Aussies really do seem to take their barbecuing very seriously. We’re staying in an unfortunately expensive dive apartment, but parked outside is a stellar barbecue, nicer than the rental’s kitchen.
Or so I thought, until yesterday afternoon, when one of our hosts took me on a quick trip to a gigantic warehouse store. Something like Home Depot or Lowes in the US, Bunnings Warehouse was more like two of them melded under one roof.
We were in search of swimming pool chlorination gear, wandering the aisles, when I spied a barbecue bigger than our kitchen. With six burners in the middle, a hookup for water for a sink at one end, and longer than 1.6 meters, this spaceship cost A$1,300. I did a doubletake when I first saw it, wondering if we could use it to replace the countertop in our rental. (I wish I knew how heavy it is, but the maker, Matador, is not forthcoming.)
This was not the only shocking thing in the store: right next to it were stacks of solar powered lamps meant for the backyard. I was contemplating the shelf laden with $6 posts, in hopes of finding an easy solution to our poorly lit entry. Until I looked down one level: stacks of solar lamps, all $2 apiece.
Two dollars. Think about that for a moment: That’s a small jug of milk, or a Sunday newspaper, or a few candy bars. And here’s this weirdly complex yet simple creating of plastic, silicon, metal that makes light, from the sun. For two dollars.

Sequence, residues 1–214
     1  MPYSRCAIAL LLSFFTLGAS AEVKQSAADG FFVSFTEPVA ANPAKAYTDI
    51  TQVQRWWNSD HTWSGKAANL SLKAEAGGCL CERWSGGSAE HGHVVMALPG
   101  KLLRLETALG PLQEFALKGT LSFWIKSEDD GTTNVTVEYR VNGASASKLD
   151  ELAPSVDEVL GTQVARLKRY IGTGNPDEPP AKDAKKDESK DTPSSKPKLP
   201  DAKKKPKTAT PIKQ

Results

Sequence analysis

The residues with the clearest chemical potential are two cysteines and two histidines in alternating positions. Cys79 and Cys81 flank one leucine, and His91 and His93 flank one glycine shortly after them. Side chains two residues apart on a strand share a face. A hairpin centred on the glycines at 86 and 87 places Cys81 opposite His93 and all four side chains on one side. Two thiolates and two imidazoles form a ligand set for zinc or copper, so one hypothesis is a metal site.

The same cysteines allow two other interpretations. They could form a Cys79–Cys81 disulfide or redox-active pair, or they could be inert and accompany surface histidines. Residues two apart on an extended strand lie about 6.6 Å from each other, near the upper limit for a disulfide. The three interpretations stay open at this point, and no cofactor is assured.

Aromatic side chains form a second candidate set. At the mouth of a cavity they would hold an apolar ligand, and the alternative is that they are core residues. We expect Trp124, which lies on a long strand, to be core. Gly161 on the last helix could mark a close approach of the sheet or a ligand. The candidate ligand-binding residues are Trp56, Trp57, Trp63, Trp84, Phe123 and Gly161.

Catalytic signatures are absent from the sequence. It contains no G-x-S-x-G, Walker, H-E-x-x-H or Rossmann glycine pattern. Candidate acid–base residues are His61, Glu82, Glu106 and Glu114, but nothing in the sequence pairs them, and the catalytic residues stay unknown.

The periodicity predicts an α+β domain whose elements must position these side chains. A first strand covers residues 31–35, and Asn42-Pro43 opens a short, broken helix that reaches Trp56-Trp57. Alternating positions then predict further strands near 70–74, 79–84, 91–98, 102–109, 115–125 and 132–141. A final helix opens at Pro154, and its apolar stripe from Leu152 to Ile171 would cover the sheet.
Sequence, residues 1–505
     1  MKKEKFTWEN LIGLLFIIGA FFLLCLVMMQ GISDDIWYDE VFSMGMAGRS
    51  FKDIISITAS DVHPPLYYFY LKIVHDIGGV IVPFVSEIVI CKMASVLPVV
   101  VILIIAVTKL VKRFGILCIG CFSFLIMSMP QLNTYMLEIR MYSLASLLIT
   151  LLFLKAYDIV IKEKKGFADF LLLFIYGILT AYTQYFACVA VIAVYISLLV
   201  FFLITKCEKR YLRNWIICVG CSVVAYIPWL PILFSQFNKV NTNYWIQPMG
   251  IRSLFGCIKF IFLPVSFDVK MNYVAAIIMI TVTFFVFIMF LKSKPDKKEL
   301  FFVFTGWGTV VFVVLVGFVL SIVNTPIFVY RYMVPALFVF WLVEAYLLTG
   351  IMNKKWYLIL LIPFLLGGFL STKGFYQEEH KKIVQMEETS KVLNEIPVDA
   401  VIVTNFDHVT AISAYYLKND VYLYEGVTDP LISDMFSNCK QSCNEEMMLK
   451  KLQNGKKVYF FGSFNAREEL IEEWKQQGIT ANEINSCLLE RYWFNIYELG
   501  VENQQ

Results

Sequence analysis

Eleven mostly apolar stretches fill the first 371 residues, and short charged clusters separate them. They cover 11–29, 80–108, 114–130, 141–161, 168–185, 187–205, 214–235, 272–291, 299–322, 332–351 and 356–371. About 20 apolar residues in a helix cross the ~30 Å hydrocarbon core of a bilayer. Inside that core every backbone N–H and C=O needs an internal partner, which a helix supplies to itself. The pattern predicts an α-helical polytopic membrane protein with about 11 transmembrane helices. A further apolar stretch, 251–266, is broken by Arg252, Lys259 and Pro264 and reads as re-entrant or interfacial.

That made my poor little mind spin – how much were the materials costs? How much are the people in the Chinese factory getting paid? Dear lord, how many people handled this small lamp each step of the way? And will it really actually work?? Could I buy bushels of these and give them away to poor people in developing nations so their kids could study at night with clean renewable energy, instead of by the light of smoky kerosene lanterns? Damn.
I fled to the plant section with my companion, to contemplate other issues.
Among them, the fact that plants for sale in Australia seem awfully cheap — except for the natives! This place had a so-called grass tree for sale, a young tiny version of the giant hairy trees we saw on our hike on Saturday in the rainforest in the mountains. Maybe one-hundredth the size of a mature tree, these tiny nubbins with draping green fronds were on sale for A$65. I bet that sets off waves of plant kidnappings of these trees, from the new housing developments where developers plant them for cachet! Oh, and the beautiful evergreens! Also expensive, at A$150 a pot.
But ferns, orchids, houseplants – all of these were cheap, around $12 or less… so I bought a few to take home to spruce up our basement digs. The shiny new barbecue would not have fit in the car.